Share Your Story

Every step you take and dollar you raise brings us closer to a future without breast cancer. Because you’re taking those steps with a team, you’re multiplying your impact on the cause.

Whose Life Are You Running For?

Please email Komen Chattanooga at to share your story. We want to share with our communities why being a part of the Race isn’t just a life changing event, but a life saving one as well.

Tricia’s Warriors Rose

On Saturday, September 27, 2008, only one day prior to that year’s Chattanooga Race for the Cure, Dr. Patricia Britt Chastain lost her life to inflammatory breast cancer at the age of35. She had received confirmation of her diagnosis on her 34th birthday, only five weeks after the birth of her son. With a 21-month-old daughter as well, she was determined to fight hard, and began chemo immediately. Following a double mastectomy, she learned that the cancer had spread to her brain, and she also underwent radiation. Ultimately she traveled to Stanford University in California for risky brain surgery in her quest for the treatment that would give her more time with her family. Throughout her illness, her journal on the Caringbridge website inspired hundreds of readers. The journal entries gave a frank account of her experience but, most importantly, showed that in the midst of fighting a terminal illness she always maintained her humor, positive attitude, strong spirit, and unwavering faith.

Tricia’s friend, Lolli Allen formed a team to participate in the 2008 Susan G. Komen Race for the Cure®. Lolli designed the bright green and pink shirts identifying their wearers as “Tricia’s Warriors,” incorporating the three crosses that Tricia suggested. From her room at Siskin Rehabilitation Center, Tricia monitored the mounting number of registrants and donations in her honor and marveled at the love and support being demonstrated by her family, friends, and admirers. That Sunday found a huge gathering of grief-stricken participants and observers at the arena with only one goal–to show their love for a special young woman and to honor her memory. That year the team came in 2nd in Team Fund-raising with $12,700, 1st in Largest Team Family/Community, 1st in Individual fund raiser, and 3rd in Most Creative Team.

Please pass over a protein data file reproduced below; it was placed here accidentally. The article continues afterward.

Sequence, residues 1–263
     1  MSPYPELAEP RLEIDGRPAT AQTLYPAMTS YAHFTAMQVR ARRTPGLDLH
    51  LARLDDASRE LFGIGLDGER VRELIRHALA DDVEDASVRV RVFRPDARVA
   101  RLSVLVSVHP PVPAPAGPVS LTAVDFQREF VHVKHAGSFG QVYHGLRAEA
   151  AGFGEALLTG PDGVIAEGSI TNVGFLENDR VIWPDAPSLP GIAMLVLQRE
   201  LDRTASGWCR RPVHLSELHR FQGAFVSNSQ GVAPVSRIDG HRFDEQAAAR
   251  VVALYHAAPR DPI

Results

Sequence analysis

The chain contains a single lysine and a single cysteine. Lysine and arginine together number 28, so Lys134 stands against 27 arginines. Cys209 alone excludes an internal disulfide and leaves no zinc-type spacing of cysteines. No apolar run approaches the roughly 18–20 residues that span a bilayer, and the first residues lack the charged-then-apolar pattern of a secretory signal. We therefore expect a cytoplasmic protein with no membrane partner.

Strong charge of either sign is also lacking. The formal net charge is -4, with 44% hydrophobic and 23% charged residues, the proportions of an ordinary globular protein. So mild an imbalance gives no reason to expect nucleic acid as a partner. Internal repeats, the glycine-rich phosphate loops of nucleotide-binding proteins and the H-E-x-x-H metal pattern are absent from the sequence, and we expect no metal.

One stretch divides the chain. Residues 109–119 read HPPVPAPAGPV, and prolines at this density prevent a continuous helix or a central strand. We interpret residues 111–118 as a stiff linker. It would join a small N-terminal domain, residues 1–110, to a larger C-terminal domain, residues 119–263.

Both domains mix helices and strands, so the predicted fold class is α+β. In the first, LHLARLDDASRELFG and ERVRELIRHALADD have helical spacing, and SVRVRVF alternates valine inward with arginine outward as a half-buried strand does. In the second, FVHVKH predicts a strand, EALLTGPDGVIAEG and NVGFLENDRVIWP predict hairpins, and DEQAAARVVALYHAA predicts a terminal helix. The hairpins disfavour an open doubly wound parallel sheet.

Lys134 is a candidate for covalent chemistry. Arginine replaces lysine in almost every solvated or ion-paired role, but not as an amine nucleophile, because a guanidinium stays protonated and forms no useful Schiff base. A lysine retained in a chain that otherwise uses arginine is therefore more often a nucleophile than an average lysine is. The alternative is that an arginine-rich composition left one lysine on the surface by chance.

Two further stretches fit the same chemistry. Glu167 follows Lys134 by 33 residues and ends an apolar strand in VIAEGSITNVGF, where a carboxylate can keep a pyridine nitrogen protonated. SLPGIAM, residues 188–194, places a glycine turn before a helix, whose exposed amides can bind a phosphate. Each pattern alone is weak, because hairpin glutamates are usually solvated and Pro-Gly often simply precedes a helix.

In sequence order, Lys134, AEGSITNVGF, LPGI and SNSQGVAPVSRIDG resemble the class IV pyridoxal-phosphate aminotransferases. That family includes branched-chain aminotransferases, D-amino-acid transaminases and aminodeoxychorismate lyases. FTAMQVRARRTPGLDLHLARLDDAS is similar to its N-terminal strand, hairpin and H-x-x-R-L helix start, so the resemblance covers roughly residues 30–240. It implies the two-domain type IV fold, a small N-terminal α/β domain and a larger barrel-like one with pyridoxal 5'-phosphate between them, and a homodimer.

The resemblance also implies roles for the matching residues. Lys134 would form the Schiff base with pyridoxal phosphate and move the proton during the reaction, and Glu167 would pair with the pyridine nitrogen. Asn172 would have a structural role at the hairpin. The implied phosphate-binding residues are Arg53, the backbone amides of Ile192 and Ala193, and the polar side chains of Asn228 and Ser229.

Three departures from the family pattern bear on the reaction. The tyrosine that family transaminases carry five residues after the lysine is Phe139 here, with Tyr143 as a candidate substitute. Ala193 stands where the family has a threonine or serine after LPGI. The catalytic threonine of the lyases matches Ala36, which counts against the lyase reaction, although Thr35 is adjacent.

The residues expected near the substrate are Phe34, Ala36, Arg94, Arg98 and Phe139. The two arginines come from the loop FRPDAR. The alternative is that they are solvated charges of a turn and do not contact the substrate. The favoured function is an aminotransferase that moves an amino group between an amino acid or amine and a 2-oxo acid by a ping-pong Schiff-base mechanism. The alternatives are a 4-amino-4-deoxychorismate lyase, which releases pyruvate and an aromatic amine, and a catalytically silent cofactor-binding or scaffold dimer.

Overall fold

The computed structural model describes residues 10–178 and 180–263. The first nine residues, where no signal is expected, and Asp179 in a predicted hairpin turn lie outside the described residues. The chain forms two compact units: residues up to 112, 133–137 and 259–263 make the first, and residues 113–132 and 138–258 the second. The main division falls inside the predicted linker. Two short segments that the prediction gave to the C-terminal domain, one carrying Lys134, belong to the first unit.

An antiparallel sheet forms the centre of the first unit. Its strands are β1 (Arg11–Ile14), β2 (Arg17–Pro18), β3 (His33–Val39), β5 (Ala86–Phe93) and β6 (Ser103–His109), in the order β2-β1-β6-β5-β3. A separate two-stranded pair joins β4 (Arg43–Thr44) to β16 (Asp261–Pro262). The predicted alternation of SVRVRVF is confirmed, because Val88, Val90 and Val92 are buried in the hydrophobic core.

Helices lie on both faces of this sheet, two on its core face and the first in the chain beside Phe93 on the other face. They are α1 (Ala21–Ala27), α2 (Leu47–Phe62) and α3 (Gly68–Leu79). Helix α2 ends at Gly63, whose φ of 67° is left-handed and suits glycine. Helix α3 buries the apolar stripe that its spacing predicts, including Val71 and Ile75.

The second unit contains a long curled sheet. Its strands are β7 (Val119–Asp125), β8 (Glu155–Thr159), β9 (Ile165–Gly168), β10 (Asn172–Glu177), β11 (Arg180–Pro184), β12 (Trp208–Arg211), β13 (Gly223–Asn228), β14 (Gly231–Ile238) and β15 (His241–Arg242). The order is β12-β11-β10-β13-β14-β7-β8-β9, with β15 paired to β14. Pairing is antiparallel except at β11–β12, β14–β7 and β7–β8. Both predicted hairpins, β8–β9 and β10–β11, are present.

A dear friend saw the pink long-stemmed roses being given to breast cancer survivors at the finish line and somehow obtained one for Tricia’s mom, Jennifer Morris. As soon as the event wrapped up, family and friends rushed to Dunlap, Tennessee, for visitation at the funeral home. Devastated by her loss, Jennifer carelessly laid the rose in the floorboard of her car and readied herself to face the next hurdle in a long, emotionally-charged day. That evening, she retrieved the rose and put it in a vase, where it remained beautiful for over two weeks. One day Jennifer noticed that new leaves were beginning to grow on the stem. All the roses received in the past had grown limp and died within days; however, she was amazed when this one continued not only to flourish, but to grow roots.

In the spring of2009, Jennifer planted the rose in a small flower pot and placed it on her porch. On two separate occasions, she almost lost it to something feeding on the leaves, but it survived and thrived through the winter. This year, she replanted it near her patio, where it continues to stand tall. Honoring the memory of her beloved daughter, she named it the “Tricia’s Warriors Rose.” This beautiful rosebush continues to remind the Morrison family and friends on a daily basis of the strength and resilience so many admired in Trisha Chastain.

“Isn’t it amazing that the symbol given to survivors is a survivor itself? I think it wants to live on for my Tricia.”